The following editorial appeared in today's Washington Post:
President Bush's budget would put more pressure on spending, including spending for the poor, than some of the rhetoric in which it was wrapped suggested. The pressure comes from the effort to make room for the president's tax cut, which would heavily benefit the better-off. The budget thus raises the prospect not merely of mainly benefiting those already at the top of the income heap but also of doing so directly at the poor's expense.
In the long run, the tax cut would squeeze all spending programs, including the major entitlements, Social Security and Medicare. In the short run, however, most of the pressure would be applied to domestic programs subject to the annual appropriations process. This catch-all category - everything from the highways to Head Start - makes up about a sixth of the budget. ....
A capital fund meant to keep the public housing stock from deteriorating would be cut by $700 million, or nearly a fourth, next year. The administration says unspent balances from prior years can make up the difference. But that's misleading; there are always such balances in the pipeline because it takes several years to complete major modernization projects...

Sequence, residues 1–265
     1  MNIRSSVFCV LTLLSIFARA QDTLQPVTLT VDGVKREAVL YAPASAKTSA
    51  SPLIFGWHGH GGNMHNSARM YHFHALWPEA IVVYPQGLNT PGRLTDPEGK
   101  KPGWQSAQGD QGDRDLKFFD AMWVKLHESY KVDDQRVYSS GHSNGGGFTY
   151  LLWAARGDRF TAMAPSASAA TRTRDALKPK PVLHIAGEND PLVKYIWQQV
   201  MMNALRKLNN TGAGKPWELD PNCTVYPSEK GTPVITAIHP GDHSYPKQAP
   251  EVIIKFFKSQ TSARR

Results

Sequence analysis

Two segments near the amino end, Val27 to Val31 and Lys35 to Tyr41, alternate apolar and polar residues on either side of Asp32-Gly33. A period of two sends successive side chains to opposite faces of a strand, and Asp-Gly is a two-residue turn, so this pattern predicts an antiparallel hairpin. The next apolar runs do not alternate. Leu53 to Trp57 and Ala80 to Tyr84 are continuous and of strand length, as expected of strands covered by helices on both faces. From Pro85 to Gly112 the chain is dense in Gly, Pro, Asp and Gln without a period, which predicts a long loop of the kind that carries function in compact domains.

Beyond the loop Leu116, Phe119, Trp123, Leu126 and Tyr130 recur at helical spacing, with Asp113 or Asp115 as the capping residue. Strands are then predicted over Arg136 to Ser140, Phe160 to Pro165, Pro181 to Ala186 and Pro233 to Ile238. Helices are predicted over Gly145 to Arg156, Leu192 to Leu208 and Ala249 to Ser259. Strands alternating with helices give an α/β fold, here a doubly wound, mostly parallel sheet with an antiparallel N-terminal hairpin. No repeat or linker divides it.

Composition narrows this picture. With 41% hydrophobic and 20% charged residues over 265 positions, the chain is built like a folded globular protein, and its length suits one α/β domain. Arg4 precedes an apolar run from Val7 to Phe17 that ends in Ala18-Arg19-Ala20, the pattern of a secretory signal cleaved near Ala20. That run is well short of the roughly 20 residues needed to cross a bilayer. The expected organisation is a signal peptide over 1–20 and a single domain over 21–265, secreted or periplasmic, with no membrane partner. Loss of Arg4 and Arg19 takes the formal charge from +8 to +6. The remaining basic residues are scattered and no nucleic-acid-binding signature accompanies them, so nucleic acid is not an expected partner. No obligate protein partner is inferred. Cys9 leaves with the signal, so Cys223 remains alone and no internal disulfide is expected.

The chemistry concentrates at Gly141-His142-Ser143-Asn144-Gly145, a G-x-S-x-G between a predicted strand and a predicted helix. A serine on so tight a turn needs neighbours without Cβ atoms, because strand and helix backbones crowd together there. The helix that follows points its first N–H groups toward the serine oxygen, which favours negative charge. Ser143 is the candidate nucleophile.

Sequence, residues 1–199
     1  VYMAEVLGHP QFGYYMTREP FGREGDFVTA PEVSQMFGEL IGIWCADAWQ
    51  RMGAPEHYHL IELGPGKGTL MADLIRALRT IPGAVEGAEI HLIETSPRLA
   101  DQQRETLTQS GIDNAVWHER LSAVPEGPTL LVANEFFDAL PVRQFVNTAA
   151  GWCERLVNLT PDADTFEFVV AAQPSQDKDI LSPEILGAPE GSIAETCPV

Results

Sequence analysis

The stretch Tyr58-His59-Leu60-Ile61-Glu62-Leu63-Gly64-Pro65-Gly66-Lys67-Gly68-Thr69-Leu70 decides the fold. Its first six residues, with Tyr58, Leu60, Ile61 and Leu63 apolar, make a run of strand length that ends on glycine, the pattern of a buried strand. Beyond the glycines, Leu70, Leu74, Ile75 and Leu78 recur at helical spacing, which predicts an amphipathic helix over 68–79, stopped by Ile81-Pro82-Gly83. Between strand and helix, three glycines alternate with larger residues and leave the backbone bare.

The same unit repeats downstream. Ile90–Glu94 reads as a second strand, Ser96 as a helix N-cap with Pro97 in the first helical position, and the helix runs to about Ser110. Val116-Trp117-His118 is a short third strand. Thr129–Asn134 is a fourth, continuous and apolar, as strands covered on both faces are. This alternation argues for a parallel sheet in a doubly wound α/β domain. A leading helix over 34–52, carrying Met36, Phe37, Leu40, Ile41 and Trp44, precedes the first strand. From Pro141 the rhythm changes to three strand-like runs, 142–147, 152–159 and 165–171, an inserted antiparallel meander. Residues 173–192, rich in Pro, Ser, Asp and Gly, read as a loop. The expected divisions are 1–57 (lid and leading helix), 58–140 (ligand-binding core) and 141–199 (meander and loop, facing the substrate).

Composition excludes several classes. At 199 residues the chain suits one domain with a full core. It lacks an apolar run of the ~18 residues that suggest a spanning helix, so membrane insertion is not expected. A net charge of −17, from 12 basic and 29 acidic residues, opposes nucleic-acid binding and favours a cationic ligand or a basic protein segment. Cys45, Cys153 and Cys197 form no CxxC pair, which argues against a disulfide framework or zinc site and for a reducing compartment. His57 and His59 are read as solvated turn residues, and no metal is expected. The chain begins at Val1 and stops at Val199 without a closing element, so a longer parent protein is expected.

The budget likewise fails to renew a program of supplemental welfare grants to some 17 low-benefit states, including the president's home state of Texas. The grants were enacted as part of welfare reform in 1996 on the theory that, without them, many welfare families would ... lack the support to make a successful transition from welfare to work.
Even the increase in education would be less than it was made to sound - not the 11 percent the budget outline touted, but about 3 percent after subtracting an accounting anomaly and inflation. The tax cuts the president proposes are excessive. They would impinge even on the spending programs he claims to favor, much less those that he does not.
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